Not long ago, we had a conversation with a recently retired NFL athlete who was considering professional PR help to generate awareness around some of his business ventures and philanthropic efforts. He was explaining that he’d never hired a PR person in the past because when was playing, he didn’t need publicity since he was in the news all the time.
While that might seem perfectly logical on the surface, it’s the stuff that makes PR people crazy. Before I go further, let me first say that this is not a knock on that particular athlete because he’s not alone. He’s one of many athletes who enjoyed a great run and reaped the “built-in” publicity benefits of being a solid player. But that’s exactly what makes us crazy. The fact that he was doing such a great job on the field and getting recognized in the media week in and week out, is precisely why he should have jumped on the PR bandwagon.
It’s about striking while the iron is hot. The time to build your brand is when you’re visible – when you’re scoring touchdowns, when you’re on TV and when fans are talking about you. When you’re relevant.
That’s the time to show people who you are, what you’re about, which causes you support, what your hobbies are off the field and what business interests you have long term. Playing is your platform to tell your story. And your story – and the connection it has to your fans -- is ultimately what sells. Since your primary responsibility is to play the game and perform at the highest level, you should enlist PR professionals to tell and sell your story.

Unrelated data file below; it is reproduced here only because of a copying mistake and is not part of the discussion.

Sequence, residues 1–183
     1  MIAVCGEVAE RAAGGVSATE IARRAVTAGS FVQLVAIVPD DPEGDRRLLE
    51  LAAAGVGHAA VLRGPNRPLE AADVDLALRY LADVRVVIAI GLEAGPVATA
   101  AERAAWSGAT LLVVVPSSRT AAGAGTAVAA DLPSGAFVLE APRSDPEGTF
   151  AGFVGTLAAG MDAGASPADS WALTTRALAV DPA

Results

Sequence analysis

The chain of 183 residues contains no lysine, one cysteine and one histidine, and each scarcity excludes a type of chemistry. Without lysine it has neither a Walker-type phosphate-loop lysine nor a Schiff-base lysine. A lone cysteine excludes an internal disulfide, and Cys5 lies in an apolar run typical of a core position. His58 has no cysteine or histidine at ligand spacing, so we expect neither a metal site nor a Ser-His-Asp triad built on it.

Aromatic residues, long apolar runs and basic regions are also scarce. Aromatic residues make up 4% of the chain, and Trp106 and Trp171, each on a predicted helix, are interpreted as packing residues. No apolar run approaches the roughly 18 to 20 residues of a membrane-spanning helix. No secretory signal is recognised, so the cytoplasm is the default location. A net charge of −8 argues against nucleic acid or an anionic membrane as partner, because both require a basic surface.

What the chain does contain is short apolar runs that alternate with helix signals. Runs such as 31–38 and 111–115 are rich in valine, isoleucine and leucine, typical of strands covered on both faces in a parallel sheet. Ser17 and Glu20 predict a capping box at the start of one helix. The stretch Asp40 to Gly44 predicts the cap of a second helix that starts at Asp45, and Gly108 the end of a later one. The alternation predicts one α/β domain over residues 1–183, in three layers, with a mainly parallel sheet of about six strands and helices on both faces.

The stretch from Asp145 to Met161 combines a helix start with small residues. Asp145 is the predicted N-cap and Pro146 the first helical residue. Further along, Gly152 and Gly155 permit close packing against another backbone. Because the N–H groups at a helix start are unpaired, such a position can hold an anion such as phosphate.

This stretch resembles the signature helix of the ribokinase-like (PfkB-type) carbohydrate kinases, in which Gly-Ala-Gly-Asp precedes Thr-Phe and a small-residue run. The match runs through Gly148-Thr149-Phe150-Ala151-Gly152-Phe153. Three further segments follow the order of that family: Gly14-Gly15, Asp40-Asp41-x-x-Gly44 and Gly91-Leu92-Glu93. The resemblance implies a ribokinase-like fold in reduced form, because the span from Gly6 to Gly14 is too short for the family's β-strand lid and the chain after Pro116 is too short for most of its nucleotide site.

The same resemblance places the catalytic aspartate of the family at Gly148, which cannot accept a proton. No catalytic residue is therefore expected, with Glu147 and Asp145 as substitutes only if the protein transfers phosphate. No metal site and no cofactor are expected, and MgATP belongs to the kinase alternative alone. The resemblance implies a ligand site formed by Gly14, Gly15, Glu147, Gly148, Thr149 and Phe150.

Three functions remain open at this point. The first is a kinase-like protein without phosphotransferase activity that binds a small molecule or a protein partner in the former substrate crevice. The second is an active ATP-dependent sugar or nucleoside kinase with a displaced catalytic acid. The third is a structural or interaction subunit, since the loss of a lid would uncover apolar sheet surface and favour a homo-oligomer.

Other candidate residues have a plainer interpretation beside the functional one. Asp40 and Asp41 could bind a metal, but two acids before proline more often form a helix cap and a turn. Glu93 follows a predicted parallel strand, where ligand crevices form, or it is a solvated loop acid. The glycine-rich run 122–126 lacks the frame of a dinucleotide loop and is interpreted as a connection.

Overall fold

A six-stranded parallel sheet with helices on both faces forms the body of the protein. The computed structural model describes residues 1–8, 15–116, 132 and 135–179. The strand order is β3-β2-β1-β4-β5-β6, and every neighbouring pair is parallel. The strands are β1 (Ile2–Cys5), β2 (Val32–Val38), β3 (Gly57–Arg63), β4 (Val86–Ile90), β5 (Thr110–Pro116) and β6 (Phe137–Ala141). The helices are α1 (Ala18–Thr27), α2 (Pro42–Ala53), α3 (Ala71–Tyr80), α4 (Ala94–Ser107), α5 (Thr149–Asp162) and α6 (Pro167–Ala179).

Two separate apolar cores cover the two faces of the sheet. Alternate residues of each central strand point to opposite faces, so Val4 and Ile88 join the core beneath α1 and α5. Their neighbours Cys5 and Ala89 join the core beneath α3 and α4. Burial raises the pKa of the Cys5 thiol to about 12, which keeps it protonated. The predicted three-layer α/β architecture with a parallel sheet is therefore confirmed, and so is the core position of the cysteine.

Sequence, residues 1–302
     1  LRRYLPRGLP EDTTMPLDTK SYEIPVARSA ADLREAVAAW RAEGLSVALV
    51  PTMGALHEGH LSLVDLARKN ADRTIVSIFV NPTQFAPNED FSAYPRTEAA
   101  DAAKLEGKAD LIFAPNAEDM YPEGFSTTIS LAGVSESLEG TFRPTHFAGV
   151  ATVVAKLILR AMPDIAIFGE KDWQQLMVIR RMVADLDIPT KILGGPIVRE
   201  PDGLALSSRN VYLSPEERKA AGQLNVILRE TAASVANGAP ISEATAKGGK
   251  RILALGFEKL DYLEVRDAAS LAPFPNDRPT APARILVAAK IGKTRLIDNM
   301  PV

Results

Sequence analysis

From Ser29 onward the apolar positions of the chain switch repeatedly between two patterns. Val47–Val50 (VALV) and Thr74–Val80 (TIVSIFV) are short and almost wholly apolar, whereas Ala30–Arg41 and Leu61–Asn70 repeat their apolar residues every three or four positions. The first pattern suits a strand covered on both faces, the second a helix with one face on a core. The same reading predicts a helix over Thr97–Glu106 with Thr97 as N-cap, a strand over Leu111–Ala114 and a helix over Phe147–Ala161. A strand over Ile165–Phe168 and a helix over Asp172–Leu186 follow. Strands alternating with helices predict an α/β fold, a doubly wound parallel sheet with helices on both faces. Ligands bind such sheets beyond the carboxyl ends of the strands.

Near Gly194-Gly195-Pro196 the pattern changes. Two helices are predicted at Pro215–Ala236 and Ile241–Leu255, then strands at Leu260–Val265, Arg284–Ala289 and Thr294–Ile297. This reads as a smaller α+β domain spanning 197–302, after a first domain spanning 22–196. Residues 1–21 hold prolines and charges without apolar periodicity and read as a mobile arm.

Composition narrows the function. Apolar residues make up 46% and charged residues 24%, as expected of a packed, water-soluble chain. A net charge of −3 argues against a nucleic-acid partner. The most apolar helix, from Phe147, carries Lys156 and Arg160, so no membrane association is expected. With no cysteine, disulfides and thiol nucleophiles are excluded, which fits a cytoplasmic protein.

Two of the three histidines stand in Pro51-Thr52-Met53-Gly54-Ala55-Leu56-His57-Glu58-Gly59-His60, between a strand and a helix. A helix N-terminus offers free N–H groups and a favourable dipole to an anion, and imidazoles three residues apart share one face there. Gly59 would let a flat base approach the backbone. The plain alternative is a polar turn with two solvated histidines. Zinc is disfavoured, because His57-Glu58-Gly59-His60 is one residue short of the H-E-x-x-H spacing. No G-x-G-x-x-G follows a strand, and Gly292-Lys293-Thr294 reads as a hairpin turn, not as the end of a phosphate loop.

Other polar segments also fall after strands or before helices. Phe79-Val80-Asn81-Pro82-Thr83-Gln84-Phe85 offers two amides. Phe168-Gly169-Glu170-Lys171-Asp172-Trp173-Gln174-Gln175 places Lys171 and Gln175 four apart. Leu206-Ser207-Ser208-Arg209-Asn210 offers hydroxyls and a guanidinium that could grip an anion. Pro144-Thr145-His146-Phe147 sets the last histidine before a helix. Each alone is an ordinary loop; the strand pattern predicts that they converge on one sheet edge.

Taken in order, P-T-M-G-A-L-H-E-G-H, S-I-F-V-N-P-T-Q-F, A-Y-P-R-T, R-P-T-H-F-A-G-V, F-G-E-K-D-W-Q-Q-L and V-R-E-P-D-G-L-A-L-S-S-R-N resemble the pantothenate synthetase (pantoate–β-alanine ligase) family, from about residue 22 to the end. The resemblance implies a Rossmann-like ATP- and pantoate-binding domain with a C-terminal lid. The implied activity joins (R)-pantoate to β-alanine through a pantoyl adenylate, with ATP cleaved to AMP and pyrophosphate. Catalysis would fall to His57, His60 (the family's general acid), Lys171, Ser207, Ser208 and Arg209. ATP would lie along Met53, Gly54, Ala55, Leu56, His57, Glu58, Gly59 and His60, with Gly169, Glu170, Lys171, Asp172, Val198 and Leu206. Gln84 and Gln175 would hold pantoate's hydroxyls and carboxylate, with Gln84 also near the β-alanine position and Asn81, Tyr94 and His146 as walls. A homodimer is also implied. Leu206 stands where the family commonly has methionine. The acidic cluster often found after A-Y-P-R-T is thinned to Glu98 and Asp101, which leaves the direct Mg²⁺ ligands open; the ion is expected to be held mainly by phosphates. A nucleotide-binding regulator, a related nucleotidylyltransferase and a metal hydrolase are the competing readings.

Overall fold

Athletes who wait until their careers are over to capitalize on their accolades often find out very quickly how much their influence has waned following retirement. While more athletes are better positioned for their post-playing careers and do walk away from the game with many opportunities, for most it’s much more difficult. You never want to have to remind people who you are.
As PR people, we are the ones often doing the reminding and we know all too well what it’s like trying to convince media to pay attention to a lesser known retired athlete or actor who is no longer on TV. Trust us, it’s challenging work.
Every athlete is a small business. Like any small business, growth happens when you build on your successes and keep the momentum going. When you’re given the spotlight, you seize it, and maximize every opportunity to propel your business forward.
In the NFL, where the average career is just three and a half seasons, that’s an extremely short window. Professional PR help should be a part of the plan from Day 1 and incorporated into the long-term business plan. Wait until retirement and squander opportunity that doesn’t come back.